What Good Is a Trade Show?

Originally published
Originally published: 1/1/2007

Re-examine the benefits of these gatherings, and you’ll see that you must make time for them.

What is the real value of attending a trade show such as AHR Expo? As the saying goes, “the proof is in the pudding.” So based on the 2006 event, which was held in Chicago in January, we could come to some factual conclusions without making any assumptions. More than 35,000 hvacr industry professionals — many traveling thousands of miles — attended in the middle of winter, with the cold Chicago wind blowing, and the possibility of snow always around the corner.

Why? Because of the lure of… warm weather, beaches, and golf? Or endless varieties of theme parks and family entertainment? Or nights filled with every type of gambling known? The answer obviously is, “No!” So what motivated these thousands of people to travel long distances, spend money, and invest valuable time during the cold winter in Chicago?

The answer is simply that trade shows (the AHR Expo in particular) provide proven value to the industries that they serve by offering:

Knowledge of what’s new and different: Generally, the greatest attraction of a trade show is its ability to present in one place at one time the newest and most advanced products and technologies available. To come up with good choices, decision makers must gather up-to-date information, and trade shows are geared to making this process relatively easy and efficient.

Up-close-and-personal examination: Equipment is usually three dimensional, and the way it operates may well be its main feature, so prospective buyers want to touch it and observe how it works. They want to see if it’s well made and listen to how much noise it makes. Many visitors come to a show with project specifications so that they can find out how an exhibitor’s product could best fit into their own specific applications.

Learning from experts: Attending a show can be like shopping at a super store. Industry professionals can find most of what they need in one trip, including education. At AHR Expo, courses are offered by ASHRAE that carry Continuing Education Units (CEUs) required for maintaining P.E. Registration. Technicians who need certification find workshops and certification testing right at the show. Educational courses and training sessions add greatly to the value of attending a trade show.

Information exchange: Trade shows bring people involved in the same industry together in one place from all over the country, and all over the world for that matter. They provide what are usually rare opportunities to meet new people (network) and to discuss problems and issues with peers who share the same interests and concerns. Extending one’s sphere of acquaintances and learning from impromptu discussions are both valuable dimensions of the trade show experience.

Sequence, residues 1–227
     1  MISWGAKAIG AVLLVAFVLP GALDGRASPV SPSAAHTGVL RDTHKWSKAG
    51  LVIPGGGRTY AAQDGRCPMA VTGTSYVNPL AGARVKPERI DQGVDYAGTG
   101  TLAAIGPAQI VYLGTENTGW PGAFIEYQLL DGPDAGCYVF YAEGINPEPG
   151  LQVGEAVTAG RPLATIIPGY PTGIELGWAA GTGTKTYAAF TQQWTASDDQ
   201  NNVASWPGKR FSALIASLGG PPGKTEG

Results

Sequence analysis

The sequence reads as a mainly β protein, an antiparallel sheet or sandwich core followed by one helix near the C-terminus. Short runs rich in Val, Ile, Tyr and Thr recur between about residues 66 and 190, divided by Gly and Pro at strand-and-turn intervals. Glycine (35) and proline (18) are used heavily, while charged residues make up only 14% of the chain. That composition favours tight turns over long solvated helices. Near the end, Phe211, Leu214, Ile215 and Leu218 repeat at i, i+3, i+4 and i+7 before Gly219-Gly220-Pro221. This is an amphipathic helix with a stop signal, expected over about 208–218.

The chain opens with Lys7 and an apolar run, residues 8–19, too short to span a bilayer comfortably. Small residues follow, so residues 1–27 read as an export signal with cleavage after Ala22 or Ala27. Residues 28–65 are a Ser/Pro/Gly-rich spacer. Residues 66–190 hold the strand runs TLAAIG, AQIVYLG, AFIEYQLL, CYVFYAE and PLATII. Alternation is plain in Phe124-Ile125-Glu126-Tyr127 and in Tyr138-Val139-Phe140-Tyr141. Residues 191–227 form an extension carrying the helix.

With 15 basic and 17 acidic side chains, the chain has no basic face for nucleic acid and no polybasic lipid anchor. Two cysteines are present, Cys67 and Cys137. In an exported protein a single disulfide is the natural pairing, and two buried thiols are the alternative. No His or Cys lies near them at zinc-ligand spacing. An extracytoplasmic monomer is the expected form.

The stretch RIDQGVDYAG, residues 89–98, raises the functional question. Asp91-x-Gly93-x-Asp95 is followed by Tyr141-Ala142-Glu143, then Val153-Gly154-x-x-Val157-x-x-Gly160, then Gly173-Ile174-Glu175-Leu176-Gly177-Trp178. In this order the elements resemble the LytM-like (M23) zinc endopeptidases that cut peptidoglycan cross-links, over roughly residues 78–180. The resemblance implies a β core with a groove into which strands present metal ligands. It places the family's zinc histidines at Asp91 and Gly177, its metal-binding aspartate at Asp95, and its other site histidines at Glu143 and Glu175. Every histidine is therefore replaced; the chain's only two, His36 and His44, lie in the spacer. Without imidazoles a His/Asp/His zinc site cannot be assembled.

Person-to-person interactions: When buyers and sellers meet face-to-face, the opportunity is there to get to know each other on a deeper level than e-mail and the telephone can allow. Personal relationships can be key to building the confidence and trust required for successful business dealings. During the show itself and afterward, when many people get together for dinner or hospitality events, a unique opportunity presents itself to actually get to know those with whom a show visitor may ultimately do business. A lot can be learned about a company by meeting the people it employs.

Generation and comparison of alternatives: If a buyer has only one source for the product he needs, then the only choice he has is to “buy” or “not buy.” On the other hand, generating as many alternatives as possible, comparing them, and picking the best make for a wise decision. At a trade show, this process is sped up and becomes relatively easy. Products that satisfy a need can be examined almost side–by–side. Pros and cons actually can be solicited from the manufacturers, and products compared on the spot. If a person were asked to judge a beauty contest, think about how difficult it would be if he or she could see the contestants only one at a time, months apart. When they are all together at one time, the job suddenly becomes manageable.

So why do industry professionals attend trade shows? In its simplest form the answer is: If they are busy, they don’t have time not to attend because to some extent, the value of a trade show is all about time. The benefit of attending a trade show would be greatly diminished if we had years to conduct research about what’s new, time and stamina to travel all over the world to see and evaluate different products, and months to identify key people and schedule meetings with them. The return on investment from attending trade shows takes many forms: time saved, information gathered, technology and new methods learned, relationships formed, good decisions made — in other words, the keys to success for the visitor and his or her business.


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